Russia eBook

This eBook from the Gutenberg Project consists of approximately 979 pages of information about Russia.
of food.  In the former case it may legalise the custom of “exposing” infants, as was done in ancient Greece; or it may regularly sell a large portion of the young women and children, as was done until recently in Circassia; or the surplus population may emigrate to foreign lands, as the Scandinavians did in the ninth century, and as we ourselves are doing in a more peaceable fashion at the present day.  The other alternative may be effected either by extending the area of cultivation or by improving the system of agriculture.

The Russo-Slavonians, being an agricultural people, experienced this difficulty, but for them it was not serious.  A convenient way of escape was plainly indicated by their peculiar geographical position.  They were not hemmed in by lofty mountains or stormy seas.  To the south and east—­at their very doors, as it were—­lay a boundless expanse of thinly populated virgin soil, awaiting the labour of the husbandman, and ready to repay it most liberally.  The peasantry therefore, instead of exposing their infants, selling their daughters, or sweeping the seas as Vikings, simply spread out towards the east and south.  This was at once the most natural and the wisest course, for of all the expedients for preserving the equilibrium between population and food-production, increasing the area of cultivation is, under the circumstances just described, the easiest and most effective.  Theoretically the same result might have been obtained by improving the method of agriculture, but practically this was impossible.  Intensive culture is not likely to be adopted so long as expansion is easy.  High farming is a thing to be proud of when there is a scarcity of land, but it would be absurd to attempt it where there is abundance of virgin soil in the vicinity.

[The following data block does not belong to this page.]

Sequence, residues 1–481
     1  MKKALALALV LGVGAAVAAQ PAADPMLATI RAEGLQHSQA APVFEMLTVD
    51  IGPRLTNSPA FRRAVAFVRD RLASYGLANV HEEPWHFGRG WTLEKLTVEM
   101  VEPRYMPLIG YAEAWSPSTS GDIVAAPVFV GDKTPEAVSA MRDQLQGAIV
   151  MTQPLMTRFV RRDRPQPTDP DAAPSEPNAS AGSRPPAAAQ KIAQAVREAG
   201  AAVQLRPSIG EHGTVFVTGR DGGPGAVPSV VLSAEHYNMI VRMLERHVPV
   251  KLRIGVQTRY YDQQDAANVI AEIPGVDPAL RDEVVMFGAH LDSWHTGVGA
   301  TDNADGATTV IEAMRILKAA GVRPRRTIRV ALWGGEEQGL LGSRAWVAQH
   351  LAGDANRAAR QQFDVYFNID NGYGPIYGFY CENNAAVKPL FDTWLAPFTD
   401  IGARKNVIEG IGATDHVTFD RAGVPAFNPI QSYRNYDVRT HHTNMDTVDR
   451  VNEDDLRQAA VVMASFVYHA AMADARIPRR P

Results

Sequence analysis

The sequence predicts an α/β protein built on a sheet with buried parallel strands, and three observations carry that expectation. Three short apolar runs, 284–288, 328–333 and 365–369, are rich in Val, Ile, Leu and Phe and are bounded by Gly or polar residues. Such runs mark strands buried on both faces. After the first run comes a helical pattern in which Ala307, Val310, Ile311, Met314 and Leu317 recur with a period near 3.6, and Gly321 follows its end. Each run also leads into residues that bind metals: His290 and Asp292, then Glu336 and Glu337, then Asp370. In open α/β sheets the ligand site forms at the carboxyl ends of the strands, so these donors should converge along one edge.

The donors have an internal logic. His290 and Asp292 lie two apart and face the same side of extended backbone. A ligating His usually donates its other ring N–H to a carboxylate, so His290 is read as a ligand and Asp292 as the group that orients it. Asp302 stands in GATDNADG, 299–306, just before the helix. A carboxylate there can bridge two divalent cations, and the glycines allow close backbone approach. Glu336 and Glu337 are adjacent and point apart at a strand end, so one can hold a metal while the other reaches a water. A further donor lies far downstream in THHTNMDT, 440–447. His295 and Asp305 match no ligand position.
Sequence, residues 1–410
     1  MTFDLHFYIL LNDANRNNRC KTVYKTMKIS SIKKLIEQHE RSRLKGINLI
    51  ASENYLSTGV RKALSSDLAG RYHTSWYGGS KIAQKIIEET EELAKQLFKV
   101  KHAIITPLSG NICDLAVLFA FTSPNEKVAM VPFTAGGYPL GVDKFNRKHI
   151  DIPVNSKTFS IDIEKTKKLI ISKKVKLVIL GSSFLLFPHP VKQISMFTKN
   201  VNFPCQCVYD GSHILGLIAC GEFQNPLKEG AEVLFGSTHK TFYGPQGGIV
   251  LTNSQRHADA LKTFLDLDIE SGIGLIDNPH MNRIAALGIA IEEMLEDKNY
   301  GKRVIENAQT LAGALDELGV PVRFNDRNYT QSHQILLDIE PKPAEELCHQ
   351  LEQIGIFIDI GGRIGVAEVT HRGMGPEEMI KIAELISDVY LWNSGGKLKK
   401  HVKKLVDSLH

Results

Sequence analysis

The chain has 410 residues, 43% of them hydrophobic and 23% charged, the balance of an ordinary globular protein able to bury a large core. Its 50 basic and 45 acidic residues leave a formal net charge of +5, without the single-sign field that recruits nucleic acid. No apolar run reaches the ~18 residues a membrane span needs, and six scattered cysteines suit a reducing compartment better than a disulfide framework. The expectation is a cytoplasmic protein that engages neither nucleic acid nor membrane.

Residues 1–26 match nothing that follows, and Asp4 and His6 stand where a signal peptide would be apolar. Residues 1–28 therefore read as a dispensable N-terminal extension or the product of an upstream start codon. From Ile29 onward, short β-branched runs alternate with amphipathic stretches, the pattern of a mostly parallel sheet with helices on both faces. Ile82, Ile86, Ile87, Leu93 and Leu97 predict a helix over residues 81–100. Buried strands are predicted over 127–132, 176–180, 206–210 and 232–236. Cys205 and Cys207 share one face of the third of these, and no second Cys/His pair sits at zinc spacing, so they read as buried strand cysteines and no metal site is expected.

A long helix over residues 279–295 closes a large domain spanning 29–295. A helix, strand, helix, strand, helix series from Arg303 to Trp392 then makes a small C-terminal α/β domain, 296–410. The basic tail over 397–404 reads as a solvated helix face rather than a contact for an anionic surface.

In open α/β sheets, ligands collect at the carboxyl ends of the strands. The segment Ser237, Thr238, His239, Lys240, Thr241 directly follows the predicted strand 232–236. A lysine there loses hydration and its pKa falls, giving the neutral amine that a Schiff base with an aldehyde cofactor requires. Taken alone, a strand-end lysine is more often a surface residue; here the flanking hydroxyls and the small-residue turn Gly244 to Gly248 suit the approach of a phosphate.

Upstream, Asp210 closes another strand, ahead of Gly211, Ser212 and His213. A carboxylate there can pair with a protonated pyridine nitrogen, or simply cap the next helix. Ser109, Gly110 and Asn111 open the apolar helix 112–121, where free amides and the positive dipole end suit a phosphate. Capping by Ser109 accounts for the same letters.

The process of expansion, thus produced by purely economic causes, was accelerated by influences of another kind, especially during the seventeenth and eighteenth centuries.  The increase in the number of officials, the augmentation of the taxes, the merciless exactions of the Voyevods and their subordinates, the transformation of the peasants and “free wandering people” into serfs, the ecclesiastical reforms and consequent persecution of the schismatics, the frequent conscriptions and violent reforms of Peter the Great—­these and other kinds of oppression made thousands flee from their homes and seek a refuge in the free territory, where there were no officials, no tax-gatherers, and no proprietors.  But the State, with its army of tax-gatherers and officials, followed close on the heels of the fugitives, and those who wished to preserve their liberty had to advance still further.  Notwithstanding the efforts of the authorities to retain the population in the localities actually occupied, the wave of colonisation moved steadily onwards.

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Russia from Project Gutenberg. Public domain.
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